“From a policy standpoint, if the Subcommittee wishes to consider possible improvements to the bill, I would raise several possibilities—but only if adding them to the bill during the legislative process would not have the effect of jeopardizing or unduly delaying potential passage of the Retirement Enhancement and Savings Act of 2018 (RESA) legislation that includes this bill,” Iwry added.
He noted that the bill’s ERISA and Code provisions mirror one another to a considerable extent, and it would be helpful for the legislation to better coordinate and allocate the Labor Department and the Treasury Department’s responsibilities and activities, requiring them to maintain consistency in order that the regulatory arrangements be workable and not unnecessarily burdensome for participants, employers, and providers.
Another potential improvement Iwry mentioned would be language making clear that the open MEPs could include not only multiple IRAs but also multiple unaffiliated self-employed individuals sponsoring qualified plans that might be exempt from ERISA if no employees were covered and that might require the Treasury Department to clarify how the tax qualification rules would apply in such a case.
Additional provisions also might be considered to more carefully target the open MEP provisions to encourage new coverage among small employers that do not sponsor a plan—rather than replacing current plans.
Iwry also suggested issues to consider for H.R. 4610, “Receiving Electronic Statements to Improve Retiree Earnings Act.” His full testimony is here.
Paul Schott Stevens, president and CEO of the Investment Company Institute, focused on proposals that would facilitate the use of so-called “open MEPs” and enhance the effectiveness of retirement plan communications by expanding the use of electronic delivery. “For its part, the Institute has been vocal in its support for policies that would improve access to retirement savings opportunities and make retirement plans more efficient and effective—including permitting open multiple employer plans and greater use of electronic delivery. Reforms like these will build upon the strengths of the current system and recognize the important role that the private marketplace plays in its support,” he said.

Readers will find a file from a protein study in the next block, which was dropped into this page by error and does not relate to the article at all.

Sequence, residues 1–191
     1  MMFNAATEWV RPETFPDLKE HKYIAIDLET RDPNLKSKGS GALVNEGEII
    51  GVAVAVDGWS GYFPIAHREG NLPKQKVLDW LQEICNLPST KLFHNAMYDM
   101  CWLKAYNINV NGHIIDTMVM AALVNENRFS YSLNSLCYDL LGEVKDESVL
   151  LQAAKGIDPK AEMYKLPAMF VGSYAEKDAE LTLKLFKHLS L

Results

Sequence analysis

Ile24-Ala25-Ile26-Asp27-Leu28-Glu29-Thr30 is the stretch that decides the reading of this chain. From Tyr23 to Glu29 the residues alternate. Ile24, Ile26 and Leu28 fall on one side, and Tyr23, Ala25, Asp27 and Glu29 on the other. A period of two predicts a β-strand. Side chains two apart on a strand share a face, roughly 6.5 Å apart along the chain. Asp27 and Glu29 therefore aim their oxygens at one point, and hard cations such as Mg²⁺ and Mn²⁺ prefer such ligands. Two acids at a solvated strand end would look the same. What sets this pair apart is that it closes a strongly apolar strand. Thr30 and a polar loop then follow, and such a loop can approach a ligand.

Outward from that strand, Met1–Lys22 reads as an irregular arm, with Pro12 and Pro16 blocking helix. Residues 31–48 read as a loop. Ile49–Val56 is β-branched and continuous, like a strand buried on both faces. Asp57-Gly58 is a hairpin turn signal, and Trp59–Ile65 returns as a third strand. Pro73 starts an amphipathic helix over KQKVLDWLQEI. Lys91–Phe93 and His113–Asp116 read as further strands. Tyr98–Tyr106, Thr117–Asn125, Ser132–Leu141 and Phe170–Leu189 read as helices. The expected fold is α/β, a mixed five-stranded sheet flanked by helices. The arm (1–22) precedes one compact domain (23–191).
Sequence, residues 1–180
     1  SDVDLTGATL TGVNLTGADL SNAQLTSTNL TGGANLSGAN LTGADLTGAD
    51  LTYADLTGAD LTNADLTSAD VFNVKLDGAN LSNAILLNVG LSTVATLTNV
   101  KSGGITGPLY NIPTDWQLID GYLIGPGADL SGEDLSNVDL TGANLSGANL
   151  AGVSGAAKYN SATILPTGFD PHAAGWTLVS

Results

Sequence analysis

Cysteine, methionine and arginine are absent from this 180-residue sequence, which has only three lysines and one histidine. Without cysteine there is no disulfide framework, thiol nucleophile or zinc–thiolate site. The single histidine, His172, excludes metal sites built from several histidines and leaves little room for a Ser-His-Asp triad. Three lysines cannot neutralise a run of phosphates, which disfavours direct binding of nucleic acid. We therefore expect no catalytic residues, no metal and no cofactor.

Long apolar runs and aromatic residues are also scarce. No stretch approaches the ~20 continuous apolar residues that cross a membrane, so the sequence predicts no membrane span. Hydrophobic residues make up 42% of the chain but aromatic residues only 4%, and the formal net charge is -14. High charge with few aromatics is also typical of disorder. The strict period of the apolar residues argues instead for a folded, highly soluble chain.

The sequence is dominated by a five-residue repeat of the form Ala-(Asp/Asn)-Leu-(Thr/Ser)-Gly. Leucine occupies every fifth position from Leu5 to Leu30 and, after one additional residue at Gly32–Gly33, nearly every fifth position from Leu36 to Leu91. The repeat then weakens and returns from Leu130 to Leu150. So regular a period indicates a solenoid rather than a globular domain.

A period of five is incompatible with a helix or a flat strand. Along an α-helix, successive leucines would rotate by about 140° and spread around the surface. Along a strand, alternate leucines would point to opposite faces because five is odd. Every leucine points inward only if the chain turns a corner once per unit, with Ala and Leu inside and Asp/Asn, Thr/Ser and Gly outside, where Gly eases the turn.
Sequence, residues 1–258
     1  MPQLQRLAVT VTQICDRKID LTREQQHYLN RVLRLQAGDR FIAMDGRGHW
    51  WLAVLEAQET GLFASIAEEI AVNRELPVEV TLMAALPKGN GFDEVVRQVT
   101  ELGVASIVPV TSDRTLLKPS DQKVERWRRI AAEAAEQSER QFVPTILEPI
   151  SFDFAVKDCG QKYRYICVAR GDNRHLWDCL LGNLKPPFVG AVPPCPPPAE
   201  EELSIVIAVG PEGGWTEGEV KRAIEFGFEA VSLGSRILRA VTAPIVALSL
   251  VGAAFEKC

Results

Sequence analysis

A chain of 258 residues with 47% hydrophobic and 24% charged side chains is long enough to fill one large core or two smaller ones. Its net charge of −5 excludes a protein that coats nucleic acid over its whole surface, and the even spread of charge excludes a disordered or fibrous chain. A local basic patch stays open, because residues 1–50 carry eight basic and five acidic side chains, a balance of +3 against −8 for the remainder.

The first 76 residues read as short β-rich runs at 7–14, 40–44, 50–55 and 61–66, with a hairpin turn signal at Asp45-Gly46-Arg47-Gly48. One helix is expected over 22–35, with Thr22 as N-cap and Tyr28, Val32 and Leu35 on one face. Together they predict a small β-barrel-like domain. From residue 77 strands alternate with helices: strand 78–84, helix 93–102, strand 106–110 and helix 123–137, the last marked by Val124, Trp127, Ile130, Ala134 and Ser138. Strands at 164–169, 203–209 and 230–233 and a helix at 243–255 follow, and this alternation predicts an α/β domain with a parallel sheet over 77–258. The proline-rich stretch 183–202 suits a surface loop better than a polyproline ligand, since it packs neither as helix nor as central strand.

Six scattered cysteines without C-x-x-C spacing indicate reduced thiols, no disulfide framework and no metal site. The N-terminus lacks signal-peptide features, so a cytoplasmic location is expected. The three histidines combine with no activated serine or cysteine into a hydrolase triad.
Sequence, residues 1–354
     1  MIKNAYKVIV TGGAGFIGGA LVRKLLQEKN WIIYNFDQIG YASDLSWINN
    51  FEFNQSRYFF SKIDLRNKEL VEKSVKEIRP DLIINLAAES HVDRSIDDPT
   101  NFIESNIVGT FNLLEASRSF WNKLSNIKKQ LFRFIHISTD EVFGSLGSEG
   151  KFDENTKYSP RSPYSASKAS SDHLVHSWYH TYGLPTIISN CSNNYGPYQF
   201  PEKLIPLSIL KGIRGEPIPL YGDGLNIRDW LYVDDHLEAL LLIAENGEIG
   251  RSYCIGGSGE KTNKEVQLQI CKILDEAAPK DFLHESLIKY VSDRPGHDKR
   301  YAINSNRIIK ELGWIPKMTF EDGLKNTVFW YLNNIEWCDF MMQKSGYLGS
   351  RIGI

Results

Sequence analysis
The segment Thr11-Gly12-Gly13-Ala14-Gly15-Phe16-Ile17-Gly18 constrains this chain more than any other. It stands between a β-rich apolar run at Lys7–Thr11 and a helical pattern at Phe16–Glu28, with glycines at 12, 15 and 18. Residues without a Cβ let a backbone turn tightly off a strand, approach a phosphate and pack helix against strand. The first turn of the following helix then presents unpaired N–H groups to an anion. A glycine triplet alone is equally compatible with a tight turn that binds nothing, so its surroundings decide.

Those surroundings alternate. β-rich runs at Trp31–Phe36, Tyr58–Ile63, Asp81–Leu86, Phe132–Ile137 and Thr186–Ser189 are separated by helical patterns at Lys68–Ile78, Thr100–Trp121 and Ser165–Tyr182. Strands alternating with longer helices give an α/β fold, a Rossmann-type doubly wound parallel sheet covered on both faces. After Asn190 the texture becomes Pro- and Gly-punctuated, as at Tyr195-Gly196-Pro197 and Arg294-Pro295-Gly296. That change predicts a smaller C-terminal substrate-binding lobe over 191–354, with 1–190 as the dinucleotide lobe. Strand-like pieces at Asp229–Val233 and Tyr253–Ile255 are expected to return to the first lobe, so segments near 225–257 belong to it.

“Open MEP” arrangements will reduce administrative and compliance costs and burdens for employers, and ultimately improve the availability of retirement plans to employees of small employers, Stevens pointed out. He also said that allowing plan sponsors to make e-delivery the default method for communicating with participants (but allowing participants to opt for paper), will enhance the effectiveness of ERISA communications, maintain security of information, and produce cost savings for the economy and plans that decide to opt for e-delivery. Stevens’ full testimony is here.
In a letter to committee members, the Insured Retirement Institute (IRI) supported the legislation discussed during the hearing, but also noted that two of these legislative initiatives are included in H.R. 5282, RESA. IRI said it believes the enactment of RESA will help Americans by expanding opportunities to save for retirement; increasing access to lifetime income products; helping savers make more-informed decisions about their finances for retirement; and enhancing features of workplace retirement plans.
A recent study suggests Americans are in support of the bill’s provisions as well.